There’s the house down the block that goes over the top with Christmas decorations. The people who live there — invariably a married couple and frequently one in possession of an engineering degree — are rightly lauded for their aesthetic altruism. Then there’s the house on the corner that goes all in on Halloween. The people that live there get some seasonal side eye and the last laugh. They are, depending on the neighborhood, heroes or villains to adults, but kids invariably think they are the absolute coolest.
The kids aren’t wrong.
When I was a kid, there was a house on Swiss Avenue that went absolutely bananas on Halloween. Dallas’s Swiss Avenue is known for not only its very large, very expensive colonial-style houses, but also their massive lawns and very fancy (and occasionally King-Sized) candy. This one house in particular, though, went above and beyond the general call of the Upper Middle Class. They projected old-school, black and white scary movies onto their house all night long. They usually had a number of smoke machines spread out across their lawn, blanketing the normally-green grass with a fog that screamed All-Hallows-Eve. An anonymous and generous parent would dress up in a Frankenstein costume and crawl along the lawn, moaning and groaning, threatening to grab little kids’ ankles and drag them into the abyss.
The best part, however, wasn’t the projections, or the smoke machines, or the cast of scary Halloween characters. They usually set up an enclosed space on their front lawn made out of black plastic. It was basically a maze and was filled with the spookiest delights: an extra smoke machine, just to be safe, strobe lights that made it impossible to see, skeletal monsters walking around with their arms outstretched, a fortune teller who would read our futures.
The house was a must-visit when I was still of trick-or-treating age. I just loved it. It was equally terrifying — I have one memory of sprinting away from the house after a mummy scared the living shit out of me — and intoxicating. I would make my way to the maze, enthralled, wondering what creepy things I would see and legitimately fear. It was always such a wonder to me: in my own neighborhood, which was only a 5-10 minute drive away from Swiss Avenue, there were almost no children at all. My parents would put out a bowl of candy and maybe hang a witch from our front tree and be done with it. But here, on Swiss Avenue, Halloween felt really real. I can’t explain it in more certain terms than that. We would leave the well-lit avenue, in a glucose-induced-mania or coma, all of us, and drive into a quiet, dark neighborhood. On Swiss Avenue, literally hundreds of children would be on the streets. But just around White Rock, no one was there. Maybe they were all going to Swiss Avenue like the rest of us. I didn’t realize then how big of a deal Swiss Avenue was, even though I loved it and it has shaped forever my love and reverence for a holiday that is literally exclusively about fun.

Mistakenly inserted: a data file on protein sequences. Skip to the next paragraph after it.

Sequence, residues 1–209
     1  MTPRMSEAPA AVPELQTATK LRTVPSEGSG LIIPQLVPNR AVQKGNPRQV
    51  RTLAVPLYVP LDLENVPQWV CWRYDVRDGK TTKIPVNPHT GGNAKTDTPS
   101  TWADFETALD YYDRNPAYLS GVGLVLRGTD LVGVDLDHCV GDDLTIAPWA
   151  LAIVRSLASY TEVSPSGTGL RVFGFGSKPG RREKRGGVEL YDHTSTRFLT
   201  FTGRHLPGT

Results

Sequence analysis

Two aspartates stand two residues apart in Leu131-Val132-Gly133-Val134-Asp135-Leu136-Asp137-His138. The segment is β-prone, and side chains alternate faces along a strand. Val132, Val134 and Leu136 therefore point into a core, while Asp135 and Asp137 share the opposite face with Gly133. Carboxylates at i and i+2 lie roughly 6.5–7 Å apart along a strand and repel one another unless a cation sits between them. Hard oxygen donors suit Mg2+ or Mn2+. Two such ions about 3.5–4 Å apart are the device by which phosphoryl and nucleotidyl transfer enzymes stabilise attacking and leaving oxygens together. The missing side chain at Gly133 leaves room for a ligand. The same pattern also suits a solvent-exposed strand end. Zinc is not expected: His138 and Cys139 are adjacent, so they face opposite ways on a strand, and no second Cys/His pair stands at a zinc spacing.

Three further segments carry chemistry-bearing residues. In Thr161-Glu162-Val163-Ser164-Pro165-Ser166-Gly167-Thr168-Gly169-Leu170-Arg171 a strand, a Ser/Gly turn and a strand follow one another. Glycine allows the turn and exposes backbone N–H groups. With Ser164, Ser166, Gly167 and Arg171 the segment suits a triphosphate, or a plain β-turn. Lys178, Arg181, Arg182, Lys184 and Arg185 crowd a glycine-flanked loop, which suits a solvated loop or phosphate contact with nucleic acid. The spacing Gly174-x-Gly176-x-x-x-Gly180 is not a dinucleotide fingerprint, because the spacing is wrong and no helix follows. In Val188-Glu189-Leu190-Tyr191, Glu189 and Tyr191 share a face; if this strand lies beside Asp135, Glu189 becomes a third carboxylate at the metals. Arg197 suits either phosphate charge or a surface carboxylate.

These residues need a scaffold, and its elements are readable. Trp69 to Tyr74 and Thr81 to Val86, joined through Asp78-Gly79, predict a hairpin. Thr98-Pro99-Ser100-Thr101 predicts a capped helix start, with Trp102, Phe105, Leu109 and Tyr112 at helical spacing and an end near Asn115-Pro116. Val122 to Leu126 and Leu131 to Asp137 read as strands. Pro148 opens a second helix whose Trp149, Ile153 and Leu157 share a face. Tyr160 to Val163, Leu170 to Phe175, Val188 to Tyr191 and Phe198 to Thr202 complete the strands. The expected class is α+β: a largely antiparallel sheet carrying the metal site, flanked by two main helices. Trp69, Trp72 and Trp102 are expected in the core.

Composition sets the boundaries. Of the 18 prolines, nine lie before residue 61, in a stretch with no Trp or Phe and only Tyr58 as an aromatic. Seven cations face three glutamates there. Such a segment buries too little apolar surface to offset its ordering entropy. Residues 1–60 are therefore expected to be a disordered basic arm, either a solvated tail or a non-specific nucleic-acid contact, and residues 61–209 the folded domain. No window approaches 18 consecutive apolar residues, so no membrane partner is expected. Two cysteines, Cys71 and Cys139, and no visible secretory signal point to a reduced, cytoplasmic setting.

Children are bussed in from across the city to delight in Swiss Avenue. That’s something I didn’t recognize at the time. Families really do knowingly go all out for kids that aren’t their own. They couldn’t possibly be their own: 3 to 4,000 kids per year are estimated to hit the neighborhood. And the people who throw this awesome event, which includes one guy who does a creepy, haunted organ performance from his balcony every 20 minutes and a family that puts a massive spider with webbing that covers their entire lawn on their house, do it because they know that kids love it. Not just kids in their neighborhood, but kids who can’t even afford costumes.
There’s something really magical and giving about that. The families on Swiss Avenue are spending time and money on the children of total strangers, so they can have one night of really unadulterated and spooky fun. Yes, parents dip their hands into the candy pot, but it’s really only for the kids. It’s not a holiday taken seriously outside of Wiccan circles and there are only a few hundred thousand Wiccans in America. It’s also not an aspirational thing to do. Having the house bedecked with beautifully twinkling Christmas lights speaks to love and to money and to a sense of well-heeled enthusiasm for the coming of one’s lord. Having the house covered in cobwebs speaks to a deep-seated desire to do weird shit for no clear reason and to make the neighbors either extremely happy or extremely unhappy. The impulse to haunt is weird, but deserving of celebration — especially because all that morbidity inevitably makes the local kids happy in a way that tinsel cannot.
Those who do give so much on Swiss Avenue recognize that this is a rare moment of widespread public good. But thinking about it from the kids’ perspectives, if they are self-aware enough to notice, they see something: these so-called rational adults are taking days off of work and spending hundreds of dollars on a stupid event that only lasts one night. No one is stopping them. In fact, there is encouragement so aggressive that it borders on peer pressure. But it also shows kids that it’s okay to be really into weird shit, like buying skinless grapes and putting them in a bowl on your front porch because it’s funny.
It’s about a greater sense of community, of community happiness, and, of course, the pursuit of candy. And let me tell you — Swiss Avenue doles out a lot of King Size candy.